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The PostgreSQL 9.0 Reference Manual - Volume 3 - Server Administration Guide
by The PostgreSQL Global Development Group
Paperback (6"x9"), 274 pages
ISBN 9781906966072
RRP £9.95 ($14.95)

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4.4.3 Cost-Based Vacuum Delay

During the execution of VACUUM and ANALYZE commands, the system maintains an internal counter that keeps track of the estimated cost of the various I/O operations that are performed. When the accumulated cost reaches a limit (specified by vacuum_cost_limit), the process performing the operation will sleep for a short period of time, as specified by vacuum_cost_delay. Then it will reset the counter and continue execution.

The intent of this feature is to allow administrators to reduce the I/O impact of these commands on concurrent database activity. There are many situations where it is not important that maintenance commands like VACUUM and ANALYZE finish quickly; however, it is usually very important that these commands do not significantly interfere with the ability of the system to perform other database operations. Cost-based vacuum delay provides a way for administrators to achieve this.

This feature is disabled by default for manually issued VACUUM commands. To enable it, set the vacuum_cost_delay variable to a nonzero value.

vacuum_cost_delay (integer)
The length of time, in milliseconds, that the process will sleep when the cost limit has been exceeded. The default value is zero, which disables the cost-based vacuum delay feature. Positive values enable cost-based vacuuming. Note that on many systems, the effective resolution of sleep delays is 10 milliseconds; setting vacuum_cost_delay to a value that is not a multiple of 10 might have the same results as setting it to the next higher multiple of 10. When using cost-based vacuuming, appropriate values for vacuum_cost_delay are usually quite small, perhaps 10 or 20 milliseconds. Adjusting vacuum's resource consumption is best done by changing the other vacuum cost parameters.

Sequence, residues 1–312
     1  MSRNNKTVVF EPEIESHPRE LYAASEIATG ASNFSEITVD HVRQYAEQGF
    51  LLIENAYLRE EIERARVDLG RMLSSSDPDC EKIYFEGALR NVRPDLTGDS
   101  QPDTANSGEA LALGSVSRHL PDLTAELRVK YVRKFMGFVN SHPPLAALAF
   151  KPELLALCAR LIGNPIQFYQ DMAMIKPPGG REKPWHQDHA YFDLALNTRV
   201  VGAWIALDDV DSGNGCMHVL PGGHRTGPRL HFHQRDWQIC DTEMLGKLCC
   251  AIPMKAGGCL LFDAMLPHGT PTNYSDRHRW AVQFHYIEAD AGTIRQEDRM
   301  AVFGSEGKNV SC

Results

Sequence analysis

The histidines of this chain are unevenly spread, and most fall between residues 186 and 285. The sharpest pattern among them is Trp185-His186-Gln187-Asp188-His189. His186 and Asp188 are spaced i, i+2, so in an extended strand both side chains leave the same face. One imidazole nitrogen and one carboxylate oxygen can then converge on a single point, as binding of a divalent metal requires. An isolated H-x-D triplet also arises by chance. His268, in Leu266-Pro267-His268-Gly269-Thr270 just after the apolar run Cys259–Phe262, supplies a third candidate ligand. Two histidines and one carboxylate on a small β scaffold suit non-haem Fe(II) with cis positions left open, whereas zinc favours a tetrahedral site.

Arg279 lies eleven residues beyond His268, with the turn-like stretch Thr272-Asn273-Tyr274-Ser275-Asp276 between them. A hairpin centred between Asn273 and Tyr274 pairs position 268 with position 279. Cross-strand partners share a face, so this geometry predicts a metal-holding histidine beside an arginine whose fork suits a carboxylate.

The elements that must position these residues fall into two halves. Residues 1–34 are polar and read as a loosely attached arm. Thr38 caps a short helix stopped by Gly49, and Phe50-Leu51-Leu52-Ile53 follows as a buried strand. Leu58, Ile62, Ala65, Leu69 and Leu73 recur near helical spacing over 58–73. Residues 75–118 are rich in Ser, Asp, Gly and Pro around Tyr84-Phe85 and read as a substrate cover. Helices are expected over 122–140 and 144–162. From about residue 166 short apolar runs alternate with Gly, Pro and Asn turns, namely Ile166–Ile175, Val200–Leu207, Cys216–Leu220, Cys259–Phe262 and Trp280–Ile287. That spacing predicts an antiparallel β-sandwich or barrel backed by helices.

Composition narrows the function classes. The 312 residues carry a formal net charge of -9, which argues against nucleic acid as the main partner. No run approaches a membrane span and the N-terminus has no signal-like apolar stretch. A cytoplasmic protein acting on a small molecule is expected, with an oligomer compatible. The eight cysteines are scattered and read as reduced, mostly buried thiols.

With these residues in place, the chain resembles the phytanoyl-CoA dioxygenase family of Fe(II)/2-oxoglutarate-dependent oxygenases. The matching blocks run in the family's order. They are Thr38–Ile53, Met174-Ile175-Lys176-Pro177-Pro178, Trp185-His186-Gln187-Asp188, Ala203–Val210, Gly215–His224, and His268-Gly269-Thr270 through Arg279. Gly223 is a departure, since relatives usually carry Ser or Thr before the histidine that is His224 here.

vacuum_cost_page_hit (integer)
The estimated cost for vacuuming a buffer found in the shared buffer cache. It represents the cost to lock the buffer pool, lookup the shared hash table and scan the content of the page. The default value is one.
vacuum_cost_page_miss (integer)
The estimated cost for vacuuming a buffer that has to be read from disk. This represents the effort to lock the buffer pool, lookup the shared hash table, read the desired block in from the disk and scan its content. The default value is 10.
vacuum_cost_page_dirty (integer)
The estimated cost charged when vacuum modifies a block that was previously clean. It represents the extra I/O required to flush the dirty block out to disk again. The default value is 20.
vacuum_cost_limit (integer)
The accumulated cost that will cause the vacuuming process to sleep. The default value is 200.

Note: There are certain operations that hold critical locks and should therefore complete as quickly as possible. Cost-based vacuum delays do not occur during such operations. Therefore it is possible that the cost accumulates far higher than the specified limit. To avoid uselessly long delays in such cases, the actual delay is calculated as vacuum_cost_delay * accumulated_balance / vacuum_cost_limit with a maximum of vacuum_cost_delay * 4.

ISBN 9781906966072The PostgreSQL 9.0 Reference Manual - Volume 3 - Server Administration GuideSee the print edition